A beautiful moon darted in and out of the clouds and often lit up the nighttime sky as I sped south on Interstate 80 and turned off onto I-581 towards Roanoke late Thursday night — a sharp contrast to the bright orange sunrise that greeted me when I headed out nearly 18 hours early for a day trip to Washington, DC for lunch with an old friend.

Very little traffic on U.S. 221 as I headed up Bent Mountain following a comfort stop at the Kroger Store in Cave Spring.  I kept a sharp eye out for deer but no critters ventured onto the roadway as I topped the mountain and started the final 19-mile leg home.

A long day but a good one that logged more than 700 miles on the Harley in cooler-than-normal August weather.  It began shortly after 6 a.m. as I steered the Harley towards Roanoke and a trip towards DC along U.S. 11 through the Shenandoah Valley.

At Strasburg, turned east on Virginia Route 55 — The John Marshall Highway — for a pleasant ride through Northern Virginia horse country and the quiet towns of Delaplane, Paris, The Plains and Marshall.   If you turn off 55 and onto Virginia Rte. 704 at The Plains the road takes you to Brynley, actor Robert Duvall‘s 362-acre, Revolutionary-war era plantation.  I attended an event there in 1998 and met Duvall.  Musician Bernie Coveney worked with Duvall on the movie, Tender Mercies, and taught the actor to play guitar.

But I stayed on Rte. 55 and picked up I-66 at Gainesville for the final leg into DC, arriving in time for lunch at The Palm with Jim Wright — and old friend from our 23 years in the National Capital Region.  Jim, a retired lawyer, is the son of the late federal judge James Skelly Wright who rose to national prominence in New Orleans in 1960 when his rulings struck down 29 Louisiana segregation laws and forced the state’s schools to integrate. The rulings brought threats to Wright and his family and forced the judge to pack up his family and move from his native New Orleans to Washington, DC,where he served on the Court of Appeals and later as Chief Judge of the DC District Court of Appeals.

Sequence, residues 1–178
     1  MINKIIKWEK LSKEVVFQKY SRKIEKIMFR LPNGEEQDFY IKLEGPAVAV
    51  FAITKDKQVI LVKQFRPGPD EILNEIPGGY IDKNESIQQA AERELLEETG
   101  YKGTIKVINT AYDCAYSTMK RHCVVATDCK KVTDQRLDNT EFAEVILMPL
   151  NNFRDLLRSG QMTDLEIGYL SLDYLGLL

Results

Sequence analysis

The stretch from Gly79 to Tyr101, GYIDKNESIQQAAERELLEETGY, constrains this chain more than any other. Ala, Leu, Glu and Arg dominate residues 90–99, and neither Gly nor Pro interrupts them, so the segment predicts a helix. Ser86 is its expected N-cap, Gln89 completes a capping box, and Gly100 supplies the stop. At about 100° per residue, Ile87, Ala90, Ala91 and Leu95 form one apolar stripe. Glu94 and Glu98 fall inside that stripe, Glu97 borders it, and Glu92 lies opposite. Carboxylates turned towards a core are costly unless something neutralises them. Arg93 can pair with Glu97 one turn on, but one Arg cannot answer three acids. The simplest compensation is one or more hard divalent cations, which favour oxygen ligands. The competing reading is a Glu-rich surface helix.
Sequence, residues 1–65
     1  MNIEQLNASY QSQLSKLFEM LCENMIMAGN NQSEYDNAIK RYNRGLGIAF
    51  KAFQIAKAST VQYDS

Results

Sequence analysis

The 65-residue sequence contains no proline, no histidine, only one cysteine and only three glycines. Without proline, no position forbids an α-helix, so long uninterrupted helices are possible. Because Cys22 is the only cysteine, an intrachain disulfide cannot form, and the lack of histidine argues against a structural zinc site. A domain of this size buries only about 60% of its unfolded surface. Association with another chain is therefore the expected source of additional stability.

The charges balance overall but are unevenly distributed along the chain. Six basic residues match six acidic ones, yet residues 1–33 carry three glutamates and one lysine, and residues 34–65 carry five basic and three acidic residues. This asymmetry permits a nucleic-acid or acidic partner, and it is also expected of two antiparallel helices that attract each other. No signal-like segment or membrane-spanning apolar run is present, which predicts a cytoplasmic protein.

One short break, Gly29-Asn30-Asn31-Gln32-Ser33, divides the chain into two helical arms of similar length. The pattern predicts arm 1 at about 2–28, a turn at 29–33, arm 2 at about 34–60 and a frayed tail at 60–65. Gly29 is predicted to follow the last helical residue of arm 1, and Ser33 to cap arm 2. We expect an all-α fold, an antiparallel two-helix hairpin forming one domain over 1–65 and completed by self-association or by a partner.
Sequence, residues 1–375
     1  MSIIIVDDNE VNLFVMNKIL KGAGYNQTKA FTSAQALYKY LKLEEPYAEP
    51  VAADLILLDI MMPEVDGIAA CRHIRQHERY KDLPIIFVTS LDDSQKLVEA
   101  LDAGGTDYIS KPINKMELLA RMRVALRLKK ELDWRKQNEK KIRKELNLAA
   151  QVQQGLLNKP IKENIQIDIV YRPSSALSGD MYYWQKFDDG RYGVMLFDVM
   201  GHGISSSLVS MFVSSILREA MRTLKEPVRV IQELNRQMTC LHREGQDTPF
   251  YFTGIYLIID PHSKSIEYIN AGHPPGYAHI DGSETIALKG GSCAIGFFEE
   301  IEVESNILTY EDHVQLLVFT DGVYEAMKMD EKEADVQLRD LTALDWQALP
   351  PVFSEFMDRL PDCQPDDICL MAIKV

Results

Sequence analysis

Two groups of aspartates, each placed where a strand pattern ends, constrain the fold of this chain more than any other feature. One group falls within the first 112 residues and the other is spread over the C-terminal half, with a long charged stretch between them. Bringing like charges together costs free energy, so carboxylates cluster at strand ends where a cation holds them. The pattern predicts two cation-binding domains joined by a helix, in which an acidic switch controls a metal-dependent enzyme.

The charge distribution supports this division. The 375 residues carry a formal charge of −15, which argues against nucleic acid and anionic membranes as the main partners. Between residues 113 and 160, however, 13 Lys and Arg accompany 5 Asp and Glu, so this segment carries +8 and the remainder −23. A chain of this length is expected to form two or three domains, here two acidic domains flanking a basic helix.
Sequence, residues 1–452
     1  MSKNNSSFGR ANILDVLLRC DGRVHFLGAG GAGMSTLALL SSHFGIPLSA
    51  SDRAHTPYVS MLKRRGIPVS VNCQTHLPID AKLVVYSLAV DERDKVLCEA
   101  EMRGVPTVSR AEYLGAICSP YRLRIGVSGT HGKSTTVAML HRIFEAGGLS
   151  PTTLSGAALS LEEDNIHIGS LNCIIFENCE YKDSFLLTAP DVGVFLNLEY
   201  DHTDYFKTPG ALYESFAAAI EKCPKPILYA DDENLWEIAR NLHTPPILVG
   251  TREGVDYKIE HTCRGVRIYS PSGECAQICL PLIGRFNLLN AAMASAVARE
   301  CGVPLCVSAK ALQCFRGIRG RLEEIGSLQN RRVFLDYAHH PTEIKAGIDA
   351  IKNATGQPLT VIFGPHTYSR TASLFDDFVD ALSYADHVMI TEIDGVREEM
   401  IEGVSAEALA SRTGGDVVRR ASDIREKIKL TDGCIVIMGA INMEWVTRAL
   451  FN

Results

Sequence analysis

Jim would achieve some notoriety of his own while attending high school at the private St. Albans Academy when he scored a date with St. Agnes party girl March Elizabeth “Tipper” Aitcheson for the prom.  At an after-prom party, Aitcheson met one of Jim’s classmates — Al Gore.  She would later morph from fun-loving party girl into Tipper Gore, crusader against the sin of rock and roll music.  I often teased Jim for bringing Al and Tipper together and unleashing them on an unsuspecting world.

Jim and I hadn’t seen each other for seven years and spent a pleasant lunch catching up on each other’s lives.

After lunch I headed out in DC traffic for Chantilly, near Dulles Airport, to drop in on Ivan Arzola at IMA Motorsport. Ivan is another old friend from the DC days.  He took care of my Porsche and we worked together on many projects with the Potomac Region of the Porsche Club of America. I served as President of the region — the first Porsche Club in America — in 2000 and as chief steward of the driver’s education program for several years.  I also met Jim Wright in the Porsche Club.

Rush hour started before I left Ivan’s shop and headed south on U.S. 29 towards Charlottesville. Topped up the tank of the Harley in Warrenton and finally cleared traffic near Culpeper as the sun ducked behind clouds.  By the time I reached I-64 just south of Charlottesville, darkness fell.  Coffee and a Snickers bar brought a burst of energy near Waynesboro and I turned south on I-81.

After another gas stop and a shot of caffeine and sugar near Troutville I had enough energy for the next leg.  Picked up some sushi for Amy and I at the Kroger in Cave Spring and arrived home just after midnight.

A ride in gorgeous weather, quality time with two old friends and time to take in some of the natural beauty around me.  Doesn’t get any better.

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